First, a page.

Around-the-World cyclist warms up by lapping Britain

NTD Newsroom
By NTD Newsroom
April 3, 2017World News

British cyclist Mark Beaumont plans to ride around the British coast in under three weeks—as a sort of warm-up for a somewhat longer trip.

After completing his 3.500-mile (5,635km) tour of the British coastline in 20 days, Beaumont and his support team plans to set out on what he calls, Artemis World Cycle—around the world in 80 days on a bicycle.

“My plan over the next 20 days is to ride around the entire coastline of Britain, it’s about 3,500 miles,’ Beaumont said. “I need a journey like this to get myself into shape, so my support team know exactly what they are doing in preparation for the world.”

After that short warm-up ride, he will set out for his slightly longer summer tour: 18,000 miles (29,000 km) in 80 days, crossing Europe, Asia, Australia, and North America.

He plans to be on the bike 16 hours a day. He will take airplanes across the oceans, of course.

“When it actually comes to the world and that 18,000-mile journey I guess my greatest concern is Leg 1, going from Paris through to Beijing through places like Russia, Mongolia, and China,” Beaumont explained.

“There’s a lot that is out of our control as a team, so it’s not just about a bike race and what my team can do but it’s also about the border crossings, it’s about finding the right supplies, it’s about not being delayed by things that are out of our control, those are the things that could make the difference between going less than 80 days or not.”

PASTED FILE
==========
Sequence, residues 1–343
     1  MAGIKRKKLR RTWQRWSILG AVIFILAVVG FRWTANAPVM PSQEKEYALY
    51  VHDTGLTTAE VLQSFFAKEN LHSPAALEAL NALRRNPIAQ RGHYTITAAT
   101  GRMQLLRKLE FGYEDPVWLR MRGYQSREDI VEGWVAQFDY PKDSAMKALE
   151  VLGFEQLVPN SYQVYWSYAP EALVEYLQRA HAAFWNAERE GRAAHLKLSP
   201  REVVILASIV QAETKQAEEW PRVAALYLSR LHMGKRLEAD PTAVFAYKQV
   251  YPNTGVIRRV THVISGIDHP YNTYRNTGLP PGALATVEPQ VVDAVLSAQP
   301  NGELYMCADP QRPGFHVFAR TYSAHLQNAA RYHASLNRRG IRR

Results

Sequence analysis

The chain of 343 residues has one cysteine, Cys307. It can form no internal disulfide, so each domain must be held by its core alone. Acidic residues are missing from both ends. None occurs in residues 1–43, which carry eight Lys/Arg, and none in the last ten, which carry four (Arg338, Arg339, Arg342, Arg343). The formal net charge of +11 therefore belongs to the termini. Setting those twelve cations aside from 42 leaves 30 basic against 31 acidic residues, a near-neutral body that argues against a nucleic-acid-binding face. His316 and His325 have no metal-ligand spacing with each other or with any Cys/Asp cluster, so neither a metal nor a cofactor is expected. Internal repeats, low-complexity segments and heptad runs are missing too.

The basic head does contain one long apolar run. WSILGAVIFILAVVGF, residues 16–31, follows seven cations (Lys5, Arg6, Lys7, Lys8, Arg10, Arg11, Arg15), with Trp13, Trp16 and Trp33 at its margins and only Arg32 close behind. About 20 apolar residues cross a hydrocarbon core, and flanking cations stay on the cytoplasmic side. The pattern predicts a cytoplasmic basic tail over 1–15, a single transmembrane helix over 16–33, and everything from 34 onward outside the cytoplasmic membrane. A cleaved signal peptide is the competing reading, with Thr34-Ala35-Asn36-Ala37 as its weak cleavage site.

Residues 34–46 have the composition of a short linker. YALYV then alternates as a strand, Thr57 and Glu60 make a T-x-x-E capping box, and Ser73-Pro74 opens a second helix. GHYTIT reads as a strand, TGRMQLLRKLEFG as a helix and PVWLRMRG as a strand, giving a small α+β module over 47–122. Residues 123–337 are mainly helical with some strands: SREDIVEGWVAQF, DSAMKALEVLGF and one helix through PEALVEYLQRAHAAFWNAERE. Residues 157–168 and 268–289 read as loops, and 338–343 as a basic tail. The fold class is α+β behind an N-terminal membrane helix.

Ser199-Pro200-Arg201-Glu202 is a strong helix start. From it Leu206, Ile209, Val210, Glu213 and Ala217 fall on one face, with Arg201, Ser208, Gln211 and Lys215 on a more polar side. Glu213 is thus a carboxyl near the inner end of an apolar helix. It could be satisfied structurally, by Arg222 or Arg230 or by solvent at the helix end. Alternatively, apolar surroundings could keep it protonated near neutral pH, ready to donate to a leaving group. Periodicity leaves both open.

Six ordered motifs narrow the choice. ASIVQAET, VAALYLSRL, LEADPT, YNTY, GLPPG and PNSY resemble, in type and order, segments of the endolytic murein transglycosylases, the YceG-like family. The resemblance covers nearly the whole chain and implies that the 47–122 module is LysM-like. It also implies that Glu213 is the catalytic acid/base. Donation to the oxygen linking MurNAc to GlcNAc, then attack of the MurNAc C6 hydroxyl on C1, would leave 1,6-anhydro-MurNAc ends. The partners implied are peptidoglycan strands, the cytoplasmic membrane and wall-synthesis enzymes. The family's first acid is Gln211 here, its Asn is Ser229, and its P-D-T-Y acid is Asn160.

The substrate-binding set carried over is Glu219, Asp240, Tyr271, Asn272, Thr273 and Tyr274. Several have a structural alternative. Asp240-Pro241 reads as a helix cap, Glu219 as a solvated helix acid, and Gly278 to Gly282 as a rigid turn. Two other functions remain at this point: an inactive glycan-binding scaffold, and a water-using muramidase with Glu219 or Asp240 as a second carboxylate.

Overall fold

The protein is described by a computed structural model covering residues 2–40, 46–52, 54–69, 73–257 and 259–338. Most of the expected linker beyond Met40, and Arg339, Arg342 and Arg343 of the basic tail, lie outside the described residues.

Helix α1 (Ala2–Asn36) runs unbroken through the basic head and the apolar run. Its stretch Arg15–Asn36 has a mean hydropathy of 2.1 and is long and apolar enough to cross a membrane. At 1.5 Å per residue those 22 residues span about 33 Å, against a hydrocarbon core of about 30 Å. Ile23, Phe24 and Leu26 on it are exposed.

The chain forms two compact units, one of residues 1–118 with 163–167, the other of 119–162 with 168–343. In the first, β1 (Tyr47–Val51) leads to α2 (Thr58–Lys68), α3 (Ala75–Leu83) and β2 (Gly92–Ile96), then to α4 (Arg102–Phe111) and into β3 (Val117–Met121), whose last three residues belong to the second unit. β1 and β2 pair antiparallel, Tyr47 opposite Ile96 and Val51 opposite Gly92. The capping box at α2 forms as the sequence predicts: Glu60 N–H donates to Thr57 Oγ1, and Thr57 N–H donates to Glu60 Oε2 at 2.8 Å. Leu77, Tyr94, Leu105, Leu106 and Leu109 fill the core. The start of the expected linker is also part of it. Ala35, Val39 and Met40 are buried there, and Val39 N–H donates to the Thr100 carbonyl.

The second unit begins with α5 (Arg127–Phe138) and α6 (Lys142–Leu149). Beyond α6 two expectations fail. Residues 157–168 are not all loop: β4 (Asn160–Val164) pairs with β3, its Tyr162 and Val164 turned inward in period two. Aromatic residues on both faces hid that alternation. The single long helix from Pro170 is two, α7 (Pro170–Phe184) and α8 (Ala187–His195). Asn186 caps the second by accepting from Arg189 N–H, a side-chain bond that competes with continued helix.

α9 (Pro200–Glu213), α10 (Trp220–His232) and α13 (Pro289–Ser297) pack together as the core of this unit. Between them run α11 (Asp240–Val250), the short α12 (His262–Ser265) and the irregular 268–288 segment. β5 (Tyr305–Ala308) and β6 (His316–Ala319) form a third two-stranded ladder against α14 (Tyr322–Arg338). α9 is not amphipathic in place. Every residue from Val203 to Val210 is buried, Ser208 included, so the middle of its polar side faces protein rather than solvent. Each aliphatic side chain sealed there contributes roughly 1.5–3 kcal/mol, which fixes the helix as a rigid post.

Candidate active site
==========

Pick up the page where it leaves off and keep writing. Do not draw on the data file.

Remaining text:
Beaumont is no novice when it comes to long-distance cycling. In 2008 he made a similar trip, taking a leisurely 194 days. He thinks he can do twice as much this time around.

The world record is currently held by New Zealander Andrew Nicholson who managed the feat in 123 days in 2015.

Beaumont is doing the ride to inspire others to tackle equally extreme challenges. He knows not everyone will want to ride a bicycle 16 hours a day for several months, but everyone can set a difficult goal and work to achieve it.

“I can’t imagine many people will follow the Artemis World Cycle and think: ‘You know what, I’m going to cycle around the world.’ But, one of my motivations to share the journey in as big a way as possible is because I would love for young people, all people, everyone following to reflect on ‘What’s my 80 days?’ Beaumont said.

“If I was a 12-year-old kid who 20 years later believes he can cycle around the world in 80 days with the support of an incredible team, I think a fantastic legacy from a project like this would be the ability of people to think, well in my world, what does that look like … It doesn’t need to be on a bike.”

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